Ideas and techniques for hand and sitting poses in photography.

Capturing the essence of a sitting subject and shooting natural hand poses are true tests of your photography skills. Create interesting sitting poses and photographing hands by following the advice and tips from our team of experts.

Studio portrait with dramatic lighting and emphasize hand.

What you’ll learn:

We’ll discuss the best sitting poses, ways to take great photos of hands, and how to use your camera equipment to capture life-like images.



Introduction to photography poses.

Getting a great pose from your subject is not about telling them how to sit or hold their hands. It’s about developing trust and an atmosphere in which they feel comfortable enough to relax and be themselves. It’s in these situations that you get an authentic glimpse into their personality – and the opportunity to capture that in your image. 


Before you get the models into the studio or head to a wedding shoot, you need to be ready. Planning makes it easier to capture hand poses and sitting shots perfectly on the day of the shoot. This means preparing which types of poses you’ll build into the shoot and thinking about the kit you’ll need.

Key equipment you’ll need.

Whether you’re shooting lifestyle images on location or for a fashion range in a studio, you’ll need to have your equipment set up and ready to go. Use this checklist of key items you’ll need before the models or subjects arrive:

  • Tripod – key for close-up shots and achieving crisp images.


  • Lighting rigs – the right lighting will capture the curves of hands, facial features and remove harsh shadows.


  • Spares – timing is key when shooting with models, so you don’t want to be waiting for batteries to charge or searching around for the right lens under pressure.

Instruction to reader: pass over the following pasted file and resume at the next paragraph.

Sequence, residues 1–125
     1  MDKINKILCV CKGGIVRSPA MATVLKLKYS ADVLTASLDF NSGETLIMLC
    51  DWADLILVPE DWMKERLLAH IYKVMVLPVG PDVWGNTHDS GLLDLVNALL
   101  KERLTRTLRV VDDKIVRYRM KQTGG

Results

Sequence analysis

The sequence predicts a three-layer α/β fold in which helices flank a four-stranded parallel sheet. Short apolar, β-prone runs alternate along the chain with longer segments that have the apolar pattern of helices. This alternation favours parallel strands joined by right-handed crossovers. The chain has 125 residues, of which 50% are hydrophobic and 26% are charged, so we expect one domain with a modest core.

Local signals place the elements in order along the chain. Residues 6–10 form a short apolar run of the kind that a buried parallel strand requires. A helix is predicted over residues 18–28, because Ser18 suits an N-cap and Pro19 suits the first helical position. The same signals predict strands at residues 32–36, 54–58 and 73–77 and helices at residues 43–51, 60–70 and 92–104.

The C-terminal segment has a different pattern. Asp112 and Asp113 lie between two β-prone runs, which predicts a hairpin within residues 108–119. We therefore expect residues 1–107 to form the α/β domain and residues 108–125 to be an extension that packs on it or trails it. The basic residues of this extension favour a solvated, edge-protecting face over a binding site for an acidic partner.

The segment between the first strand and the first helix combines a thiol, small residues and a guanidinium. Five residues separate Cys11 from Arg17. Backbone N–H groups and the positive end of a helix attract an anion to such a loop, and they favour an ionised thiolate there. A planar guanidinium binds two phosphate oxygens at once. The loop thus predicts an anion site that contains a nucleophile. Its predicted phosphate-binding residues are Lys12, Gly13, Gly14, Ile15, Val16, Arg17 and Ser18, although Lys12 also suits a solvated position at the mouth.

• Plain backgrounds – a backdrop is a must for model shoots as it will help create a focused image.


  • Props – ideal for models who don’t know how to position their hands, or to add focus to your shoot.
“Props are like a little crutch. It gives them something to fall back on.” 

– Editorial Photographer Nicolle Clemetson


Managing models effectively.

Just because a model is sitting down doesn’t mean it’s an easy job. Holding hand poses for long periods or being asked to switch sitting poses every minute can get tiring or frustrating – especially if you’re shooting a bride or groom at a wedding who wants to get on with their day. Make your models as comfortable as possible during the photoshoot. After all, a happy model is much more likely to do the poses you require and will likely produce better results. 


“Build a space where your subject feels safe to make choices.”  

Photographer and Videographer Kenton Waltz.


How to get sitting poses right.


Getting the right sitting pose depends a lot on the model you’re working with. But a good photographer can help them to deliver the perfect position. Try a few shots out on a friend or loved one to get a general idea of what it’ll look like and the sort of set up and camera settings you’ll need for a perfect image. These expert suggestions will help you get started.


Choose the right chair.

The ideal chair encourages good posture, offers multiple ways to sit, and is the right height for your model’s feet to touch the ground.

handsome man on chair in black and white photo.

Good posture is essential.

Have your subject lengthen their spine and relax their shoulders.


Aim for equal distance.

Whatever is closest to the camera will appear larger, especially when shooting with a wide-angle lens. If the model is in a cross-legged pose or has their feet close to you, raise the camera and point it down diagonally, so the camera is equidistant from the feet and the face.


Position people with care.

Keep everyone at a relatively equal distance from the camera, unless you want to show off differences in size. This also goes for group photos like wedding shots or couple poses.


Change your perspective.

Sometimes, changing your angle can be easier than changing a pose. Walk around and take photos of seated people from different directions.

“You’ve got to bring the emotion and gestures that you’re trying to create.” 

Kenton Waltz.


How to pose sitting down.

Stuck for some poses to start with? Whether you need ideas for sitting poses for photoshoots with male models or hand shots with female subjects, these traditional techniques can help your subject relax. They include – but are far from limited to – the following: